Because of how motor vehicles are designed and built, every car and truck of every size has “blind spots” around it where the driver cannot easily see other people, obstacles, and even entire vehicles near them. Given their massive width and length, the blind spots on commercial vehicles are bigger than those for virtually any other street-legal vehicle—and unfortunately, truck drivers who fail to check their blind spots before turning or switching lanes often end up causing catastrophic accidents.
When you are hurt in a blind spot truck accident in Columbia, proving someone else liable for your crash-related losses may be much more complex and challenging of a process than you would expect. Fortunately, obtaining a favorable result from a lawsuit or settlement demand built around this kind of incident could be much easier with support from a dedicated tractor-trailer accident lawyer who has experience handling—and winning—similar cases in the past.
The average tractor-trailer has blind spots on all four sides, typically with the following approximate dimensions:
Every blind spot is big enough to hide an entire commuter car—and sometimes more than one car—from the view of a truck driver, making them exceptionally dangerous places to be while traveling on a highway or even on slower urban or rural streets. While most modern semi-trucks have oversized mirrors as well as advanced safety features like collision detection cameras to help minimize the risk of crashes, blind spot semi crashes are all too common in Columbia and around Missouri.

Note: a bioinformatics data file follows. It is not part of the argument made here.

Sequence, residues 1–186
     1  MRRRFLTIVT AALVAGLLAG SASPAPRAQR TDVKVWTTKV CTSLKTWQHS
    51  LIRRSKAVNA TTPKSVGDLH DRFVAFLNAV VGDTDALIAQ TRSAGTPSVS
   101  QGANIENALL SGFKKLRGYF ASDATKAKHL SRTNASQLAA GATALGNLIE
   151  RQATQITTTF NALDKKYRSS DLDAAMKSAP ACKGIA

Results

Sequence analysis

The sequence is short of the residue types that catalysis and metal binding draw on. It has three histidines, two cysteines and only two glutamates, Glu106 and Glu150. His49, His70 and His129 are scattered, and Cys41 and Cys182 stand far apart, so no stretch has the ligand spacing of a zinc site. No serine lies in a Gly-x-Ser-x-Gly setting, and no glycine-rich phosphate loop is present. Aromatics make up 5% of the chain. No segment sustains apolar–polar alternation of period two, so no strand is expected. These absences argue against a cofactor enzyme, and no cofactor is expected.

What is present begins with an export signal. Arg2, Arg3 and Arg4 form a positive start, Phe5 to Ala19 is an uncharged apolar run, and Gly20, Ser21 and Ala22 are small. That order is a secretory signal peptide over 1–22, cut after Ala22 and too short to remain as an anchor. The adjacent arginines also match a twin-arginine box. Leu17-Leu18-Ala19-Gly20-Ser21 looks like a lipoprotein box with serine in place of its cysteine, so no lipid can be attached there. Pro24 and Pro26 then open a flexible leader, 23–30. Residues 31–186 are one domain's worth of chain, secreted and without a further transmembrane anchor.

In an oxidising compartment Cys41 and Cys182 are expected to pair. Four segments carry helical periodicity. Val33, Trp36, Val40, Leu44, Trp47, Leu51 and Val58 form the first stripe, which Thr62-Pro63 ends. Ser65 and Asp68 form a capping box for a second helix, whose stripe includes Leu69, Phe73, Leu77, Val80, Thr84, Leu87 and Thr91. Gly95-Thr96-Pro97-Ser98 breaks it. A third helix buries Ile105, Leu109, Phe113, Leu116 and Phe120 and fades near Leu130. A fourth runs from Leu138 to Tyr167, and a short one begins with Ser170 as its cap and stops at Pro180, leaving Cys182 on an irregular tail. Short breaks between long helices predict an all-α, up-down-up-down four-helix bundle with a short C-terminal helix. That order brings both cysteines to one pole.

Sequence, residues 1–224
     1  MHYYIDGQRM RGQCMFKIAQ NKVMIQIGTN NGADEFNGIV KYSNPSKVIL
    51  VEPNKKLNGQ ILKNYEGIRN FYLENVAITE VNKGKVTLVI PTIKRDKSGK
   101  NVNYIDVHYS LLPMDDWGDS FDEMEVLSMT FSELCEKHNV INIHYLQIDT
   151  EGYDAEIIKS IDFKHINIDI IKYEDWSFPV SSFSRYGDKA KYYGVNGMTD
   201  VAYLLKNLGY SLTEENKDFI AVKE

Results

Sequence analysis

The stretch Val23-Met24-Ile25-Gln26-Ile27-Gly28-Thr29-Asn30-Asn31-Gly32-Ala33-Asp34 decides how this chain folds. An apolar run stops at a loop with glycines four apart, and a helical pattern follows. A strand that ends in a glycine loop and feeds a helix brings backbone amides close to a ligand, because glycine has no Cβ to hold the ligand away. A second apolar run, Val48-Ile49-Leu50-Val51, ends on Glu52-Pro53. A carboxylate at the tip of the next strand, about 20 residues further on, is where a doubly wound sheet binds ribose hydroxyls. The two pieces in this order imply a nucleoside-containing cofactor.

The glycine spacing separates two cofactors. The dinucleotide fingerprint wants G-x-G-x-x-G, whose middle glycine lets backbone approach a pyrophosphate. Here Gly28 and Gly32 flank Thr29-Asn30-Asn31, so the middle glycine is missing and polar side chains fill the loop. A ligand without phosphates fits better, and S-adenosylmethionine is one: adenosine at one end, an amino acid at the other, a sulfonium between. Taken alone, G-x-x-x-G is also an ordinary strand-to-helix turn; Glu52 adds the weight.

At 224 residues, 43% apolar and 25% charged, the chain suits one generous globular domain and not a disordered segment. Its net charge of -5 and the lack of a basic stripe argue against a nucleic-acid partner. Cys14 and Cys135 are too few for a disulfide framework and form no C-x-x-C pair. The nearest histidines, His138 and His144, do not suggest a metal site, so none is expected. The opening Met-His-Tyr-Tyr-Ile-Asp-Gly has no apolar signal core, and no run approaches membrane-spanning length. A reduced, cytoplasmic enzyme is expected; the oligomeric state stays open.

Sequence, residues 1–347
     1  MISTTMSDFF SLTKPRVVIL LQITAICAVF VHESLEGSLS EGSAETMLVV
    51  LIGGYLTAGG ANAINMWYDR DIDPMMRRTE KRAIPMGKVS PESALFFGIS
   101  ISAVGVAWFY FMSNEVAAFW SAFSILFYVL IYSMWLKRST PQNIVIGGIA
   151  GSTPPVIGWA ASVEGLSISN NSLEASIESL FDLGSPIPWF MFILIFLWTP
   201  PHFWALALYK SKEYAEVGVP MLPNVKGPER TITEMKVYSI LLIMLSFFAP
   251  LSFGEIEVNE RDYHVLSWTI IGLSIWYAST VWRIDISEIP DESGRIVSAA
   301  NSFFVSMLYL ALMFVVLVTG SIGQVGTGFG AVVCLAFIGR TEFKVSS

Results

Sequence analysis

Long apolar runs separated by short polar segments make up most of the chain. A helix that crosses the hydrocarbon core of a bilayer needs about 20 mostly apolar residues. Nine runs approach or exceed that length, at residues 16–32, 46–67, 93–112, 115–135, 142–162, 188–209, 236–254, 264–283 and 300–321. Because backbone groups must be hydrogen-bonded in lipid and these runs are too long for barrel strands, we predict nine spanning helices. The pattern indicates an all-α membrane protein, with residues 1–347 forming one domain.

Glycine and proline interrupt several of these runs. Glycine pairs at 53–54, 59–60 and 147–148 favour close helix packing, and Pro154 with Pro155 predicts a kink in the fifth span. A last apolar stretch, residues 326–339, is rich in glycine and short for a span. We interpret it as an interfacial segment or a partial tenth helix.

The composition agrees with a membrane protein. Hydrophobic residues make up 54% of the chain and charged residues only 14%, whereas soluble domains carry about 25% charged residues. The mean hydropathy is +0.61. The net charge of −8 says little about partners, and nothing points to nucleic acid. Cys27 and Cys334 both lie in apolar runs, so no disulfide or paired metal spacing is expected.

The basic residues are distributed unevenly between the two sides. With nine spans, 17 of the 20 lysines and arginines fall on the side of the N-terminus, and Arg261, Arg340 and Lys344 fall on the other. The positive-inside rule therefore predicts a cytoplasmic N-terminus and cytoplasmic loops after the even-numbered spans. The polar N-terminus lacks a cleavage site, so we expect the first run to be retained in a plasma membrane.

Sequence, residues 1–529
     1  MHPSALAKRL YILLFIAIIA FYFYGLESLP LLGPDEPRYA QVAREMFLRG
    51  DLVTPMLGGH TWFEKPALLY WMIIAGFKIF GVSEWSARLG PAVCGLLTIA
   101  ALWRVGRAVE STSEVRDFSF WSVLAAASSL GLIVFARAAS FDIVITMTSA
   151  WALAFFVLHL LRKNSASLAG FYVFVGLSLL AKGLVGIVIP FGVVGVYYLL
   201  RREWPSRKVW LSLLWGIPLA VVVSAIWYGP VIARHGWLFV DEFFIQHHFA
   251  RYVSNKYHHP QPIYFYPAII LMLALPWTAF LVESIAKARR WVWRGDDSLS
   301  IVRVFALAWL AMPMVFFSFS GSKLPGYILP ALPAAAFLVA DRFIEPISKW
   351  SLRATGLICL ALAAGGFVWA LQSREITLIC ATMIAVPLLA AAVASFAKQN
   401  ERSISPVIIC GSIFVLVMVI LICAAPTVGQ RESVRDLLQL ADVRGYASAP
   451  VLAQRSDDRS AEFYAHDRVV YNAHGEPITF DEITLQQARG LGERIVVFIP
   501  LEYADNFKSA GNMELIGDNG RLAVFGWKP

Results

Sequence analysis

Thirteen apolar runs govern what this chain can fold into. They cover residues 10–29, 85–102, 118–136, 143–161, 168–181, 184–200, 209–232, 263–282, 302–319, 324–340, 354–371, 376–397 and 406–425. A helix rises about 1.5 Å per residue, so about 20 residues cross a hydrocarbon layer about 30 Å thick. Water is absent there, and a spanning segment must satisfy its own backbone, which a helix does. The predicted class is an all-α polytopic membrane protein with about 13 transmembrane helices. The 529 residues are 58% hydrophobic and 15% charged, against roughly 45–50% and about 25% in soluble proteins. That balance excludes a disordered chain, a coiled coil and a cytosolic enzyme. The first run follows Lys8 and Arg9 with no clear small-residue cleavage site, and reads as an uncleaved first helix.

Just like those operating smaller cars and trucks, tractor-trailer drivers have a legal “duty” to drive responsibly and act reasonably at all times while behind the wheel, and that “duty” includes an expectation that they regularly check their blind spots using mirrors and any other safety devices at their disposal before changing lanes, merging on or off of a highway, or making a turn at an intersection. Any semi driver whose failure to check their blind spots is the direct and primary cause of a traffic accident resulting in your injuries has met the “negligence” criteria, making them or their employer civilly liable for your losses.
Importantly, though, commuter car drivers are also expected to know where the blind spots of other drivers are and to make a reasonable effort to stay out of those blind spots whenever possible. As a result, any person found partially responsible for causing a tractor-trailer crash in Columbia because they were coasting inside the trucker’s blind spot or doing something else irresponsible might end up missing out on compensation due to their “comparative fault” for their own injuries.
Even when it seems evident that a long-haul trucker is the one to blame for injuring you, proving that they directly caused your injuries by not checking their blind spots can be far from simple. Fortunately, assistance is available from skilled legal professionals who can fight tenaciously to protect your rights and pursue the restitution you deserve.
After a blind spot truck accident in Columbia, contacting a legal representative to discuss your legal options should be among your top priorities. Call the Law Offices of Chris Miller today to schedule a meeting.